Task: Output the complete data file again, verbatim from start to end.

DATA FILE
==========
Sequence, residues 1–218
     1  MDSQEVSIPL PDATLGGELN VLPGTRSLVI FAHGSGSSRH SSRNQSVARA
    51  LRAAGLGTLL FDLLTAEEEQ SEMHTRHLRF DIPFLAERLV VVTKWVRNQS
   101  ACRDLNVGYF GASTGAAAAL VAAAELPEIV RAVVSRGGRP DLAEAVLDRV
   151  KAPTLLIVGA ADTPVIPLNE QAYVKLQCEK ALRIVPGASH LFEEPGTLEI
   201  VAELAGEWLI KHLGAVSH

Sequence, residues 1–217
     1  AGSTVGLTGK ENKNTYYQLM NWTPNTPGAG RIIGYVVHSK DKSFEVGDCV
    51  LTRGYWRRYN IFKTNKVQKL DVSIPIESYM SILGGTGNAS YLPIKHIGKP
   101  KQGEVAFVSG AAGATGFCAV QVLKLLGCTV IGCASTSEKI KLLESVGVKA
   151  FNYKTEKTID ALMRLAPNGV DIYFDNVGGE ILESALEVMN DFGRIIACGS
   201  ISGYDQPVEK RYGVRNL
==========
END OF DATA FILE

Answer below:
Sequence, residues 1–218
     1  MDSQEVSIPL PDATLGGELN VLPGTRSLVI FAHGSGSSRH SSRNQSVARA
    51  LRAAGLGTLL FDLLTAEEEQ SEMHTRHLRF DIPFLAERLV VVTKWVRNQS
   101  ACRDLNVGYF GASTGAAAAL VAAAELPEIV RAVVSRGGRP DLAEAVLDRV
   151  KAPTLLIVGA ADTPVIPLNE QAYVKLQCEK ALRIVPGASH LFEEPGTLEI
   201  VAELAGEWLI KHLGAVSH

Sequence, residues 1–217
     1  AGSTVGLTGK ENKNTYYQLM NWTPNTPGAG RIIGYVVHSK DKSFEVGDCV
    51  LTRGYWRRYN IFKTNKVQKL DVSIPIESYM SILGGTGNAS YLPIKHIGKP
   101  KQGEVAFVSG AAGATGFCAV QVLKLLGCTV IGCASTSEKI KLLESVGVKA
   151  FNYKTEKTID ALMRLAPNGV DIYFDNVGGE ILESALEVMN DFGRIIACGS
   201  ISGYDQPVEK RYGVRNL